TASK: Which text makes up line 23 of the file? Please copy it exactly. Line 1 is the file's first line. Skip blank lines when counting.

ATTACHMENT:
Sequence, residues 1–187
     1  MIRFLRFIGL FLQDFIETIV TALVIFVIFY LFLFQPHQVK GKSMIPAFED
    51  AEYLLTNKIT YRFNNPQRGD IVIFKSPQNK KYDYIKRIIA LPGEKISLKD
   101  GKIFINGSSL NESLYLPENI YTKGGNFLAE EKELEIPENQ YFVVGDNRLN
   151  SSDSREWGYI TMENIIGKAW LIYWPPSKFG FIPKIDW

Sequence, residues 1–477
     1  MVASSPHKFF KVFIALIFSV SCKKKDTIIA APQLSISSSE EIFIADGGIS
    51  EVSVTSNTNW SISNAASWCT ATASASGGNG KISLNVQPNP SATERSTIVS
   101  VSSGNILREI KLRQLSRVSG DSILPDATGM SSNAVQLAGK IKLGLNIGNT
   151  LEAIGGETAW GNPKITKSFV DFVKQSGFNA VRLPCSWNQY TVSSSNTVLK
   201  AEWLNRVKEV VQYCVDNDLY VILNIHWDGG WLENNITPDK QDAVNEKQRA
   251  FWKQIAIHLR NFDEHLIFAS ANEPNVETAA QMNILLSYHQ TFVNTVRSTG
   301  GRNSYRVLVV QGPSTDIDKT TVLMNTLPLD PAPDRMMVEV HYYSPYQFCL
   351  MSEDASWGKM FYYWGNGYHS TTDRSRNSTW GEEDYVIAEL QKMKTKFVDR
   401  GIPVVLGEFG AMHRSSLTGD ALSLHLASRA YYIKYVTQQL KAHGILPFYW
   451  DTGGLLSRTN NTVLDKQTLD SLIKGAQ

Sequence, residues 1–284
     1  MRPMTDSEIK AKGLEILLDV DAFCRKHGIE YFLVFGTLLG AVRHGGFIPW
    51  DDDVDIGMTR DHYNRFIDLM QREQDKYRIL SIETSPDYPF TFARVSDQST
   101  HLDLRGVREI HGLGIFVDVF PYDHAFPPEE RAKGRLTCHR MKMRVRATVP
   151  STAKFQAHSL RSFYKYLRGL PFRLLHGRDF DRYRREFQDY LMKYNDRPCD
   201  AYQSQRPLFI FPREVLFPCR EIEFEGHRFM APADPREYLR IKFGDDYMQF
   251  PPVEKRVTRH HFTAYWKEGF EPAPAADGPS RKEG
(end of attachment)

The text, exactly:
   251  PPVEKRVTRH HFTAYWKEGF EPAPAADGPS RKEG